A specialized bomb-squad unit was dispatched to the Palacio de Justicia to check for explosives and secured several floors of the building. The sentencing was transmitted live on a local television channel. Several human-rights groups were in attendance as well, lending their support to Trimarco and her granddaughter—Marita’s daughter—Sol Micaela, now 13, who has stood by her grandmother throughout the proceedings.
Hours before the verdict was read, Trimarco, a slight but intense dark-haired woman who has a reputation among those who know her as being exceedingly persistent, even tough, said: “I’m going to keep on looking for Marita. I’m not going to sit down and cry.”
She added, “I shed so many tears already.”
Speaking to the panel of judges one last time before they retired for sentencing, one of the defendants, Irma Lidiana Medina, a large woman who during the last few months was often seen around the Palacio de Justicia, made a last-ditch appeal to the judge.“Look me in the eyes, prosecutor. You haven’t searched. I started prostitution when I was 13. It wasn’t the best thing that God gave me in life.”
Medina was unrepentant: “The prosecutor today or tomorrow is going to have a lot to ask God. He judged people that don’t have anything to do with the disappearance.”
Another defendant, Jose Fernando Gomez, proclaimed his innocence until the last moment. “I’m sorry that I don’t know anything about Marita, I wish I could go and tell Trimarco, ‘There she is.’ But I never saw her. I never knew her.”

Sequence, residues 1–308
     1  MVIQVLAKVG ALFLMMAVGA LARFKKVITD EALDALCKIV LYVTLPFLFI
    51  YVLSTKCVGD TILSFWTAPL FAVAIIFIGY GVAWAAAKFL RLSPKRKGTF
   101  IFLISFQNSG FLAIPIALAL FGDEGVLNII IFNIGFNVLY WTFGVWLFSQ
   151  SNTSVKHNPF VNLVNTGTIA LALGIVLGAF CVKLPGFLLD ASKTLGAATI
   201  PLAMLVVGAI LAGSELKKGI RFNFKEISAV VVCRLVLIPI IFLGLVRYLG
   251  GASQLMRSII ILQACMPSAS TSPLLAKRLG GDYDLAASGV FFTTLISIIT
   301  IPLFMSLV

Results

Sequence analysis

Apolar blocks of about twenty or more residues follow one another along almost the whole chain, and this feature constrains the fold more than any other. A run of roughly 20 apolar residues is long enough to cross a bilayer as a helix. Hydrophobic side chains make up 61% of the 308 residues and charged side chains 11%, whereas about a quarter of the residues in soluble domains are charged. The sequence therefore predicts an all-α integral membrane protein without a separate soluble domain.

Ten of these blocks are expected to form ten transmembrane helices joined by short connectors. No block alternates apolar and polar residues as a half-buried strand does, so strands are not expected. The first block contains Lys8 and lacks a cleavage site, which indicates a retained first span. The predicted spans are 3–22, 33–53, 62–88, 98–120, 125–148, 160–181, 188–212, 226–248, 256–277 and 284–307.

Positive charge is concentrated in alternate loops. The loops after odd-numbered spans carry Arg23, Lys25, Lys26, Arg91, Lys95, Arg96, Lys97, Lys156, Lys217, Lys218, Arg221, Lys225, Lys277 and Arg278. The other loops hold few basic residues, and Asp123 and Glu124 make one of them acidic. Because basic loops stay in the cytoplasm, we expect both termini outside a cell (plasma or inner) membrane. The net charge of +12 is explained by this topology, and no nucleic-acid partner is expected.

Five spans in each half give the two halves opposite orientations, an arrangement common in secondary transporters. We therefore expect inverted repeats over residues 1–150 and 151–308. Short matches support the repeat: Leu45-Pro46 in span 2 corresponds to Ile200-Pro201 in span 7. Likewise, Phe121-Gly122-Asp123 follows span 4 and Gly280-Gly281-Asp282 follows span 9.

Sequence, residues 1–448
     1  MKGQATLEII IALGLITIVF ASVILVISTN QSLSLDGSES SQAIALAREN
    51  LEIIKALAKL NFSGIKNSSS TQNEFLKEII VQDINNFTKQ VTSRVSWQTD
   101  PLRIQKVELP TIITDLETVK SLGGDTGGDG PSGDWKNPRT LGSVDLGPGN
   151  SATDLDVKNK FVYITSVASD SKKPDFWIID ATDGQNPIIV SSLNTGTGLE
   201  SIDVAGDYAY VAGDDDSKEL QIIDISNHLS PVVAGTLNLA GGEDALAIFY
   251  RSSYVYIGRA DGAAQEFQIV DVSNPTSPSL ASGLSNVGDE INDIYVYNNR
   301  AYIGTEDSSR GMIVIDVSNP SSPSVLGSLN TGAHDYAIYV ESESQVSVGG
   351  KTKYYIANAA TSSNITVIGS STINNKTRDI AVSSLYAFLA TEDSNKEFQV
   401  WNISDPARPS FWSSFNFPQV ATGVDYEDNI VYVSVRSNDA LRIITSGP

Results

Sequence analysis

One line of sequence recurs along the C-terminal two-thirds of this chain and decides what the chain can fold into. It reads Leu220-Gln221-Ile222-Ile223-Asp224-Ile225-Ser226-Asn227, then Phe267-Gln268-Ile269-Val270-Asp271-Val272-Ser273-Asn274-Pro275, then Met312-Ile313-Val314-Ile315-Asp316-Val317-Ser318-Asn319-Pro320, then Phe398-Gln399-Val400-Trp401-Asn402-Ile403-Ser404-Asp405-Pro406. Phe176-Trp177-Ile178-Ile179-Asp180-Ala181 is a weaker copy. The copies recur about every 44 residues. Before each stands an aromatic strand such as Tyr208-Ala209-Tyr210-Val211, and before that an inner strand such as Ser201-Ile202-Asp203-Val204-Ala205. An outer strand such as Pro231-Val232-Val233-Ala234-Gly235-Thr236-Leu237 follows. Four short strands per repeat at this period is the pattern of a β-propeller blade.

“I’m suffering for the guilt of a failed woman,” said Maria Azucena Marquez, accused of being in charge of a whiskey bar called El Desafio, where prosecutors say Marita was taken at one point, “A failure as a woman, as a mother, as a grandmother.”
Trimarco, surrounded by supporters and family, vowed to continue her struggle and said she suspected corruption at the highest levels. “I will never give up looking for Marita,” she said.
DEFENDANTS AND SENTENCES
Daniela Natalia Milhein, accused of kidnapping. Acquitted.
Carlos Alberto Luna, rented El Desafio house of prostitution in La Rioja where Marita was alleged to have been held. Acquitted.
Cinthia Paolo Gaitan, wife of Luna, accused of being an administrator for the bordellos. Acquitted.
Domingo Pascual Andrada, ex-cop, accused of taking Marita from Tucuman to La Rioja. Acquitted.
Humberto Juan Derobertis, worked in El Desafio. Acquitted.
Gonzalo Jose Gomez, accused of being the manager of the bordellos in La Rioja. Acquitted.
Jose Fernando “Chenga” Gomez, accused of paying for Marita and forcing her to work as a prostitute. Acquitted.
Irma Lidia Medina, mother of Chenga and Gonzalo, accused of being the head of everything, owned the bordellos. Acquitted.
Maria Azucena Marquez, accused of being the woman in charge of El Desafio. Acquitted.
Maria Jesus Rivero, accused of kidnapping, apparently told a witness she had helped with the kidnapping. Acquitted.
Victor Angel Rivero, Maria’s brother, accused of carrying out the kidnapping. Acquitted.
Mariana Natalia Bustos, wife of Chenga, said she used to run prostitutes, but no more, and that she rented a series of bars to Luna. Acquitted.
Andres Alejandro Gonzalez, same charges as Milhein, his wife. Acquitted.